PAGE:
Juul has been hit with a wrongful death suit following the death of a teenager who “became intensely addicted” to the e-cigarette maker’s nicotine products.
The complaint, filed by the mother of 18-year-old Florida resident Daniel David Wakefield, accuses Juul of causing the teen’s death through its marketing campaign. The company has faced significant criticism over its marketing campaign, which lawmakers and health officials claim deliberately targeted youth users.
Juul recently agreed to stop advertising its products altogether in the U.S. while cases of a mysterious lung illness linked to vaping are being investigated.
Years of Juul use
In the wrongful death suit filed on Tuesday, Wakefield’s mother claims her son’s behavior changed “dramatically” after being exposed to Juul advertising in 2015. She claims he gradually became “intensely addicted” to the company’s products.
Within a year of starting to vape, the teen ended up hospitalized for three days. In August 2018, he was found in an unresponsive state by his father. The previously healthy teenager’s death was ultimately pinned on “breathing complications.” The complaint notes that the death occurred after a day that included moving boxes.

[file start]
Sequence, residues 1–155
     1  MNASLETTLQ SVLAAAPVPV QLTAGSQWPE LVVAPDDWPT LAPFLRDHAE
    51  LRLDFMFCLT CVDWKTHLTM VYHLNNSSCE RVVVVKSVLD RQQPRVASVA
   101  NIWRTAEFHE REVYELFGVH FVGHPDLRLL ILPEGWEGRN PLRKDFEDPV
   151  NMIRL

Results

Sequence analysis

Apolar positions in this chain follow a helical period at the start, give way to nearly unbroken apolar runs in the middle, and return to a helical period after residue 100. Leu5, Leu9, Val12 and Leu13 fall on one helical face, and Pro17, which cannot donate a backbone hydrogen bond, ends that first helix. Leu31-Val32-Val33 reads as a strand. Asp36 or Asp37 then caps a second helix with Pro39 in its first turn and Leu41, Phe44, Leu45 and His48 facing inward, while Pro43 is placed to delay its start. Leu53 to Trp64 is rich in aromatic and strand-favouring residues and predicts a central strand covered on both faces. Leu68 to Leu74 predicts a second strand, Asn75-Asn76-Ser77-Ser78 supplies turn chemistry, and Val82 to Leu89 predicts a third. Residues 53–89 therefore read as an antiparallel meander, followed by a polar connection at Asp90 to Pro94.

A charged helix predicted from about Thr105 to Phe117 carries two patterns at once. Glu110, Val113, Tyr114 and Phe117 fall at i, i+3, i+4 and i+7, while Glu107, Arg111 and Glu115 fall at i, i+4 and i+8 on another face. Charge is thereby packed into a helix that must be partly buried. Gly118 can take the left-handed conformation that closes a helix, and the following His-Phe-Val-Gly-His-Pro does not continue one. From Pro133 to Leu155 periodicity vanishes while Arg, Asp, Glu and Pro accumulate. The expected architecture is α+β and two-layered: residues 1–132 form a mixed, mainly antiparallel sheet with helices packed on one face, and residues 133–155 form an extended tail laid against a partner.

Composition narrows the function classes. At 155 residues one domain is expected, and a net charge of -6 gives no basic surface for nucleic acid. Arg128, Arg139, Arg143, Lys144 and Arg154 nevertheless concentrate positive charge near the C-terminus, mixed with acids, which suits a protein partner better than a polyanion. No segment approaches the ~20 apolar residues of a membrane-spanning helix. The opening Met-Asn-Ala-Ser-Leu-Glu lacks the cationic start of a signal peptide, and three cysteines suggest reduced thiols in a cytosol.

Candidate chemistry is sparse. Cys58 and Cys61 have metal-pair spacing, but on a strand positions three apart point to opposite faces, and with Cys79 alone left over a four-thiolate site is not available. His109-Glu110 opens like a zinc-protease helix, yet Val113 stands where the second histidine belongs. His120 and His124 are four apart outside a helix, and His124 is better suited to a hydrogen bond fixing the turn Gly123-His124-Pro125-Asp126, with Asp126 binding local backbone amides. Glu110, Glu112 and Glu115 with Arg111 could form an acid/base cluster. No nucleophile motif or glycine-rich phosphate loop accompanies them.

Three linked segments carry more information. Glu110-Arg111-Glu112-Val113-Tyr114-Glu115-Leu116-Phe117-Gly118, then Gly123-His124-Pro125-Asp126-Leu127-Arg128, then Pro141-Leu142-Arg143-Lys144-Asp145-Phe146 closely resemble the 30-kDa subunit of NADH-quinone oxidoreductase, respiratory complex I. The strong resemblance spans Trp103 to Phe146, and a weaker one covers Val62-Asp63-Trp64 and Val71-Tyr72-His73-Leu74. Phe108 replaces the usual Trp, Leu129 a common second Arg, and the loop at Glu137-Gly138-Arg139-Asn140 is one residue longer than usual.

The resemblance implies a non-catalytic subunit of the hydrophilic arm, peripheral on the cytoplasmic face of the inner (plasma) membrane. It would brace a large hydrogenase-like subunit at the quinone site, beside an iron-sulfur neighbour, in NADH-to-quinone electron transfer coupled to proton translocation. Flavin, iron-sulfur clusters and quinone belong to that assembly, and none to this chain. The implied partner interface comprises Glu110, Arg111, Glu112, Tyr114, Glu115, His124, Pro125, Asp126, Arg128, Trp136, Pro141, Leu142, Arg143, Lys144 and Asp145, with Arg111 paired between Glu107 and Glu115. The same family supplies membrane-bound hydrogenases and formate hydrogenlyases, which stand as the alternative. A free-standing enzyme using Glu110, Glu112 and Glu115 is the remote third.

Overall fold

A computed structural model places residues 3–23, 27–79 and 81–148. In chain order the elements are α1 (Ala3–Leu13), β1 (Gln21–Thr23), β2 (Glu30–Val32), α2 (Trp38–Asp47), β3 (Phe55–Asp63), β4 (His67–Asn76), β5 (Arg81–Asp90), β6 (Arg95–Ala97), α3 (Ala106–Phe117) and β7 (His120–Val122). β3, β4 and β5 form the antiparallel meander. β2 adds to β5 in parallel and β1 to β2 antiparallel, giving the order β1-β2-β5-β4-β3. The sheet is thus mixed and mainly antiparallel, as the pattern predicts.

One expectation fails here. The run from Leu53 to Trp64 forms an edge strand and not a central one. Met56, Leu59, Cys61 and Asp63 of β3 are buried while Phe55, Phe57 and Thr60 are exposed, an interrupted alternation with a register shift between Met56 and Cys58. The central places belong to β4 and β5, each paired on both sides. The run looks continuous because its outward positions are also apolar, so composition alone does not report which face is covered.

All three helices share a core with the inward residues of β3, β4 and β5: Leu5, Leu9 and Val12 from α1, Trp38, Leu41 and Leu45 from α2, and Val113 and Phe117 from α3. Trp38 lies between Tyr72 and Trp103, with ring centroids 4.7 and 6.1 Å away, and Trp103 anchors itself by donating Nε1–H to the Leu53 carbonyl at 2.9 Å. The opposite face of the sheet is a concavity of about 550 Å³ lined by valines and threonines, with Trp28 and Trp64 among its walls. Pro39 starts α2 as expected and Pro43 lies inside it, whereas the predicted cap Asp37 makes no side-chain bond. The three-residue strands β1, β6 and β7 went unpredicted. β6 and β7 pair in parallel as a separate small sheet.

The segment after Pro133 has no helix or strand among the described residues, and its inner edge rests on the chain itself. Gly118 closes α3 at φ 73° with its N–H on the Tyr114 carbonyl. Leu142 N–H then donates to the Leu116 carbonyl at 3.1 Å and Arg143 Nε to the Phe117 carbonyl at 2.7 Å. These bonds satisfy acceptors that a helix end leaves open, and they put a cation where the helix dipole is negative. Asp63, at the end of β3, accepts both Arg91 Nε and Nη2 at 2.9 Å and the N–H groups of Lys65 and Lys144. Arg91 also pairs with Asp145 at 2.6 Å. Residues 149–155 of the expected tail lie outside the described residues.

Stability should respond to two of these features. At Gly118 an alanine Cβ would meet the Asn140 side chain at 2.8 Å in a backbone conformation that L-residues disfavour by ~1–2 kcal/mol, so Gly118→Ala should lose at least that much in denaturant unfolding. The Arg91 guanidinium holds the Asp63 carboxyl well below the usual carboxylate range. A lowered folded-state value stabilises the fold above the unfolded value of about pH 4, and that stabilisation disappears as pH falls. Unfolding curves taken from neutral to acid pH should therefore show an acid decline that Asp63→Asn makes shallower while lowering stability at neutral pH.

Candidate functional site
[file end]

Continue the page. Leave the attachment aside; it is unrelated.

The suit accuses Juul of “wrongful conduct in marketing, promoting, manufacturing, designing, and selling JUUL.” The plaintiff is seeking compensatory, punitive, and other damages related to Wakefield’s death, which Juul is accused of “substantially” contributing to.
Lung illnesses under investigation
The CDC said last week that the vaping-related death toll in the U.S. had increased to 26, and the number of illnesses had been raised to 1,299. Health authorities are currently trying to find a specific cause of the illnesses, but vaping has so far been a common thread among all of the illnesses and deaths.
Most of the confirmed cases of lung injuries have involved patients who reported using THC-containing products. However, some reported using only nicotine vaping products.
Lawmakers and health officials are particularly concerned about the rise in youth use of the products over the past few years. Around 15 percent of those who either got sick or died are under the age of 18, and 21 percent are 18 to 20 years old, according to the CDC.
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